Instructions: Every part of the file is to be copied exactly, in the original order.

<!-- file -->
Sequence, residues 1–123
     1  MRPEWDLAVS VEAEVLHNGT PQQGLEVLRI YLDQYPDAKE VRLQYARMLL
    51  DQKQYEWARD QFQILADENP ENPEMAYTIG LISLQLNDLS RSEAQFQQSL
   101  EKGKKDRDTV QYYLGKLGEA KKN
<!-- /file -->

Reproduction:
Sequence, residues 1–123
     1  MRPEWDLAVS VEAEVLHNGT PQQGLEVLRI YLDQYPDAKE VRLQYARMLL
    51  DQKQYEWARD QFQILADENP ENPEMAYTIG LISLQLNDLS RSEAQFQQSL
   101  EKGKKDRDTV QYYLGKLGEA KKN